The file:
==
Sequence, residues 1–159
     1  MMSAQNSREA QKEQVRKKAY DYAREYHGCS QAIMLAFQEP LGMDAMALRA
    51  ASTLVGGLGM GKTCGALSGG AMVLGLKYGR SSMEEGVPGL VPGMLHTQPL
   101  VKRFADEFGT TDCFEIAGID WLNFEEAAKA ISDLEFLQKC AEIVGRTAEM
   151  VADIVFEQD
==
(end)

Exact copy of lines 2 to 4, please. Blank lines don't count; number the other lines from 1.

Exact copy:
     1  MMSAQNSREA QKEQVRKKAY DYAREYHGCS QAIMLAFQEP LGMDAMALRA
    51  ASTLVGGLGM GKTCGALSGG AMVLGLKYGR SSMEEGVPGL VPGMLHTQPL
   101  VKRFADEFGT TDCFEIAGID WLNFEEAAKA ISDLEFLQKC AEIVGRTAEM